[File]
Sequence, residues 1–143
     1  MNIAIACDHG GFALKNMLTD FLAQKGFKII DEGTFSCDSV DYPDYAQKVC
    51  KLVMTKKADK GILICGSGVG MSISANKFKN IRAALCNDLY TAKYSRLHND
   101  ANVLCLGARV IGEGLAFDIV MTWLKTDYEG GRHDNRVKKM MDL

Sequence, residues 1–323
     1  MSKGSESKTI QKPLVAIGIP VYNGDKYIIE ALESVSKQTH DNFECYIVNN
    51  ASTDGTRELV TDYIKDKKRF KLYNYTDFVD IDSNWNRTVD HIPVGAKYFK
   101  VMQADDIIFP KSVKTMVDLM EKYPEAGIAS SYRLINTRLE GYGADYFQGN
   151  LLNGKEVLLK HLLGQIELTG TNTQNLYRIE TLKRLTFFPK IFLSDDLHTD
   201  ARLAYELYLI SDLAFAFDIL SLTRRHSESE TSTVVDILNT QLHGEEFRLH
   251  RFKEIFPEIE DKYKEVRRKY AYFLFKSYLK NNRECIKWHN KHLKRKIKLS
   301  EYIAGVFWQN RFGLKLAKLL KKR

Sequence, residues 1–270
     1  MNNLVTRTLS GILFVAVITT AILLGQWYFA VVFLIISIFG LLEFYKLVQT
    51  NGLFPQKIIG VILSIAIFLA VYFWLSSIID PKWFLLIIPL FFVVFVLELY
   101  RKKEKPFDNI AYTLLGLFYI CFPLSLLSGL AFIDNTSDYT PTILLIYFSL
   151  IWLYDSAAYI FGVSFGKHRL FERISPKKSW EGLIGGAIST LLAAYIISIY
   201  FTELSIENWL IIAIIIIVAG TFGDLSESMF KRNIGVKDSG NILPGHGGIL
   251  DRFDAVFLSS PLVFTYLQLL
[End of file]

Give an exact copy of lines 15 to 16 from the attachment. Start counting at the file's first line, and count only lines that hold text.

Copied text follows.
    51  NGLFPQKIIG VILSIAIFLA VYFWLSSIID PKWFLLIIPL FFVVFVLELY
   101  RKKEKPFDNI AYTLLGLFYI CFPLSLLSGL AFIDNTSDYT PTILLIYFSL